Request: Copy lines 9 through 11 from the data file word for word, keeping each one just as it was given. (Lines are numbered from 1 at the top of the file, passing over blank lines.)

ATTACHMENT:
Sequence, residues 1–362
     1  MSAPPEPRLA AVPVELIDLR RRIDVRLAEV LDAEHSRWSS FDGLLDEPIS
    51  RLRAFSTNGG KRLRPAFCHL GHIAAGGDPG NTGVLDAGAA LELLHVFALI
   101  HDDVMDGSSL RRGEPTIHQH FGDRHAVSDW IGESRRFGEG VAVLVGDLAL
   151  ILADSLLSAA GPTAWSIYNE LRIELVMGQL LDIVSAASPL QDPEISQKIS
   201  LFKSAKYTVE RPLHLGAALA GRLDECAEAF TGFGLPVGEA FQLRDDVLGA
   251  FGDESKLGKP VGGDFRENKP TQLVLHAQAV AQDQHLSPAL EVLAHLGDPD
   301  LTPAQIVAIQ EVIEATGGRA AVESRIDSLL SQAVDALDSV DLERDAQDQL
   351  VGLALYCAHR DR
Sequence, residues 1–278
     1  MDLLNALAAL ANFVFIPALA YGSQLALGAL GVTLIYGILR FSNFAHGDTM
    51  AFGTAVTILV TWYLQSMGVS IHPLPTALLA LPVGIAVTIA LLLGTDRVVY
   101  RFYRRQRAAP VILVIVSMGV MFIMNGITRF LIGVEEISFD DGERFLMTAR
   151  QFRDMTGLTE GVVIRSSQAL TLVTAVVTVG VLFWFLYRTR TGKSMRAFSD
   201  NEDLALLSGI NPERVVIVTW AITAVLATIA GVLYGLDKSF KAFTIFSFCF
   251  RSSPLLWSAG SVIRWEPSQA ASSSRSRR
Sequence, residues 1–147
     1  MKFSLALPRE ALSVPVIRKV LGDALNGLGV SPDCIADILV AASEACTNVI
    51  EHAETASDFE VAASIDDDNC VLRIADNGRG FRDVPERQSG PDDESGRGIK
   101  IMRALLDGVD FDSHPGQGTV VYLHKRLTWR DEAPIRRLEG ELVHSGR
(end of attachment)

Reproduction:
   351  VGLALYCAHR DR
Sequence, residues 1–278
     1  MDLLNALAAL ANFVFIPALA YGSQLALGAL GVTLIYGILR FSNFAHGDTM